French President Nicholas Sarkozy, whose comments in July had socialists in France accusing him of ‘pandering to the far right’ for admitting that the majority of French crime comes from immigrants, has begun turning his words into action. Today, the deportation of hundreds of Gypsies from illegal camps throughout France began to the wailing cries of French leftists.
According to The Daily Mail, the goal of the French government is the deportation of some 700 gypsies from France to the nearest thing gypsies have to a homeland in Bucharest, Romania. On Friday, 132 gypsies will fly to Timisoara and Bucharest in order to combat the gypsies camps which have been ‘sources of illegal trafficking, of profoundly shocking living standards, of exploitation of children for begging, of prostitution and crime.’
The Mail further reports that to prevent upsetting the xenophiliacs in the EU, the French government will be compensating the gypsies with €300 ($385) in cash. The government has admitted, however, that under present rules in Europe they can do nothing to prevent the gypsies from returning to France and renewing their criminal activities.
Sarkozy came under fire two weeks ago for committing the French government to a ‘war’ against criminality, as reported in The Irish Times. He called for extended prison sentences for violent criminals and for the French government to tag repeat offenders and follow them after being released from prison.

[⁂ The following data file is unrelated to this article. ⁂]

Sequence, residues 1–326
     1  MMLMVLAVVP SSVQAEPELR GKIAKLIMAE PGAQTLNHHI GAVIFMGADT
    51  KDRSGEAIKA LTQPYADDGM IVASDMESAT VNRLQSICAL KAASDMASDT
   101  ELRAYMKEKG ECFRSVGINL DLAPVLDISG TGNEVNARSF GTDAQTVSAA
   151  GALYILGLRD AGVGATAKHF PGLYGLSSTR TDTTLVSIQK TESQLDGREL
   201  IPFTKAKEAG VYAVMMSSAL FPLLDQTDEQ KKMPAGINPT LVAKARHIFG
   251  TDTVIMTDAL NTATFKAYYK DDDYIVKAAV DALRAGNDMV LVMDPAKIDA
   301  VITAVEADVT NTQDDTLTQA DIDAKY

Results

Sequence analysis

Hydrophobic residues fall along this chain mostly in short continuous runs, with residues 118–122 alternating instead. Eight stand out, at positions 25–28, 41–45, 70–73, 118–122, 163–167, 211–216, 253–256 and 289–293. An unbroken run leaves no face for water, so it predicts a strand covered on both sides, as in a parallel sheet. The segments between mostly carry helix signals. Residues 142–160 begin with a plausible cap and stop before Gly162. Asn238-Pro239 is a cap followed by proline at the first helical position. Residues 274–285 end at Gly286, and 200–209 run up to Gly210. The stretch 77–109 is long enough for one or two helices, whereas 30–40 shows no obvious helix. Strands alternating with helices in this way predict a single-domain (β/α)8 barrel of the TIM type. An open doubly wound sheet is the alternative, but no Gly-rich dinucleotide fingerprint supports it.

In addition to the President’s promises, Interior Minister Brice Hortefeux suggested that a Mr. Sarkozy might not be going far enough, and suggested withdrawing French citizenship from naturalized foreigners who committed certain violent crimes. Gypsies, being nomads, are not citizens of any country, and make little effort to become citizens, preferring to live a parasitic lifestyle. Their deportation marks a major stride, however, in control of crime.
The move shall put barely a dent in the entire gypsy population in France, however. There are over 15,000 gypsies presently living in France. The Romanian government has come to the defense of the gypsies, but Romanian citizens are not so critical of the French government’s deportations. Memphis Conservative Examiner was able to interview one Kiriakos-Ahilleas Paglas of Bucharest, Romania, who commented that he certainly felt the deportations were a good thing for the French, saying, ‘Gypsies are known for being a population that cannot assimilate… [to] modern civilized society and live a nomadic lifestyle, which in turn made and still makes them have a thievish (some would say criminal) character.’
He added, however, that it was bad news for Romanians. ‘maybe I sound like I’m having a grudge against them but think about it, if they didn’t cause troubles in France do you honestly think the French would’ve made the effort to send them back?’ He expressed his concern as well with the poor image gypsies, who insist on being called ‘Roma’, cast of Romanians, for whom they are often mistaken as being. He said, ‘we true Romanians are being portrayed as beggars, rapists and thieves.’ In the interest of helping to break this false stereotype of the Romanians, MCE felt his words deserved a wider audience.
Memphis residents identify with the Romanians. A local college student living in Germantown commented that, ‘sometimes getting rid of the problem-causers is the only way to solve the problem.’ A Germantown man was surprised, however, as were many others, that the government was compensating the gypsies rather than simply shipping them out, and that so few would actually be affected by the move.